My photo big year is pretty far off the rails at this point–it was almost impossible to get photos of most of the new birds this month–and I managed mostly just some ugly doc shots of things like Veery, Great Crested Flycatcher, and Eastern Wood Pewee.

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A nice flock of flyover Double-crested Cormorant.

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Emblematic of the poor photo big year results in May–doc shot of a Veery.

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With leaves on the trees, it became almost impossible to see much beyond my yard, so flyby birding has been greatly diminished–to be replaced by fly-by-night birding with my OldBird21c microphone.  I’ve only reviewed a few nights of recordings so far, but haven’t been let down as the microphone was able to capture recordings of such goodies as Black-crowned Night Heron, Black-billed Cuckoo, Least Sandpiper, Solitary Sandpiper, Spotted Sandpiper, Dickcissel, and Willow Flycatcher.  I suspect that as I review the recordings there will be many more species added to my May totals.  I’m counting on it, as the day birding was generally so slow I’m a couple dozen species behind where I was hoping to be at this point in the year.

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Dickcissel flight call, 28 May.

By the numbers, I’ve now seen all the Code 1 easy expected species, and all but 6 of the expected but tougher Code 2 birds.  I’ve found 45/73 tough Code 3 birds, and a mere 12/90 Code 4 birds.  Nocturnal flight calls give me my best chance at picking up those rarer species–in fact I’m already pretty sure I’ve got a couple Short-billed Dowitcher recordings (Code 5) to double check.

In planning the year, I only hoped to add 2 more species in June–probably late migrating shorebirds that I’ll have to catch on recordings, so this next month is expected to be slower–which I need in order to spend less time in the yard and more time reviewing recordings from the spring.

But the show must go on, even as the local breeding species become quieter and it gets tougher to even get my 20 Bird Minimum Daily Requirement.

Mourning Warbler

Mourning Warbler  (Code 3)  25 May 2015

Area: Rare but regular migrant, only reported once or a few times each year.

Yard: Apparently a rare migrant, possibly regular and detectable during nocturnal migration by flight call.  One bird recorded singing in side yard 25 May 2015.  Song confirmed by Dr. Jay Pitocchelli of the Mourning Warbler Song Mapping Project as belonging the Nova Scotia Regiolect.

MOWA 25 May

Mystery Calls (Cont.)

The nights of May 25 and May 26 I recorded several similar calls.  I’m not sure what they are, but sound almost flycatchery to me.  Spectrograms are a hump shape peaking around 4-5kHz.  Take a listen and see.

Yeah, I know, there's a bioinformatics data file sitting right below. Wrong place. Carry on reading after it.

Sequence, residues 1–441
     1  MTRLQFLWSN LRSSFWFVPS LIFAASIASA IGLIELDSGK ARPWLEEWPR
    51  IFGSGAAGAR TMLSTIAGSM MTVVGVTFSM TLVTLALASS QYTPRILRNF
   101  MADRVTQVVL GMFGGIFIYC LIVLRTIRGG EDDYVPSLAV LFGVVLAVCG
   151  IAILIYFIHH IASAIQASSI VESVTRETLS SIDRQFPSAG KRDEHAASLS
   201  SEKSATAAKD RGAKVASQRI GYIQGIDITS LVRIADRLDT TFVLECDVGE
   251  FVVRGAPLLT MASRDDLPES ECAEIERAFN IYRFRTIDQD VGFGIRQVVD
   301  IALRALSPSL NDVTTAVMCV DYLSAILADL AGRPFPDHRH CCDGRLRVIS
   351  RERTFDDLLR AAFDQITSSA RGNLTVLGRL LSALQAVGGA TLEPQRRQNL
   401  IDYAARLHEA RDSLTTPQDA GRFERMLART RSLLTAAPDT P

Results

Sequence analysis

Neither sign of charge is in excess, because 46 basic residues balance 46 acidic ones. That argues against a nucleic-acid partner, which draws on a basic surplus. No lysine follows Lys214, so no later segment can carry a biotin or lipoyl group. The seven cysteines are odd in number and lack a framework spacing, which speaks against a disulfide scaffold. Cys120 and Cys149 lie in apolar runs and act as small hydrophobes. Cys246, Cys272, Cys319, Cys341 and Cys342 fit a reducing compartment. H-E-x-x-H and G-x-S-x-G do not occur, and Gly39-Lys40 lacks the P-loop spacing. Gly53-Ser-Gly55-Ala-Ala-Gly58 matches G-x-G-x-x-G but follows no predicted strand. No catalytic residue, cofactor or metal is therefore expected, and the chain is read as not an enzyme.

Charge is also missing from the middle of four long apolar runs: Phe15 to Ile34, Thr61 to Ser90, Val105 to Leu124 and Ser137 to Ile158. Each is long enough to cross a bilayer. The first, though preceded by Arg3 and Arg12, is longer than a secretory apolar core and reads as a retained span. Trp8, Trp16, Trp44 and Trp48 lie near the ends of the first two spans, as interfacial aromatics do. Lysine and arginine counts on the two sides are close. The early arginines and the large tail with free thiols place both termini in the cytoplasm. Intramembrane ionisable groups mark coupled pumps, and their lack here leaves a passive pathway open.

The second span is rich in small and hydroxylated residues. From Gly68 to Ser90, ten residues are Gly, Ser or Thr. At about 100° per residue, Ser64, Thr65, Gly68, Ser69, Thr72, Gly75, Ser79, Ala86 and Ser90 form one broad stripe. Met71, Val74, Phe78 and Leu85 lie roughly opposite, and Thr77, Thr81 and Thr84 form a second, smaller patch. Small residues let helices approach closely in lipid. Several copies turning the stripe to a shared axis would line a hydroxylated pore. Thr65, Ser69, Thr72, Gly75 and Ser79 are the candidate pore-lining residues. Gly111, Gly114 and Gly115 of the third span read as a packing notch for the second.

Black-crowned Night Heron

Black-crowned Night Heron (Code 3)  4 May 2015

Area: Locally rare summer resident, most often found at Spruce Run Reservoir.  Only one or two birds seen most years.

Yard: Apparently uncommon though regular spring (and summer?) migrant or resident, detected by call with OldBird21c microphone.

Audio: Flight call, 26 May 2015 4:55am

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Dickcissel

Dickcissel (Code 3)  28 May 2015

Area: Rare local summer resident and possible breeder, rare migrant.

Yard: Probably detectable annually during nocturnal migration with microphone.

Audio: Flight call recorded 2:58am, 28 May 2015.

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Willow Flycatcher

Willow Flycatcher (Code 3)   25 May 2015

Area: Locally uncommon breeding species across Hunterdon County in open areas with brushy vegetation.

Yard: First record for the yard was a bird heard singing via the OldBird21c microphone at 11:43pm on 25 May 2015.

Audio: 25 May 2015, 11:43pm

WIFL 25 May 11-45pm

Late May

Warblers still continue very sparse, but did get lucky this morning while birding in my bathrobe and flip-flop I heard a Mourning Warbler singing in my side yard.  Although I tried to see it for over half an hour, I never did get a glimpse of it, but here’s a spectrogram and audio:

MOWA 25 May

Actually been having a heck of a time getting photos of birds lately now that the leaves are out.  I’ve added a few to the photo list, but none of the shots are all that great.  For example, here’s the best I could do of a Veery from a few days ago:

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Without having gone through very many of my night recordings, I’m at 135 for the year.  I’m sure to have more species on some of those recordings–but when I’ve got spare time I’ve been trying to spend it in the yard, rather than on the laptop reviewing recordings.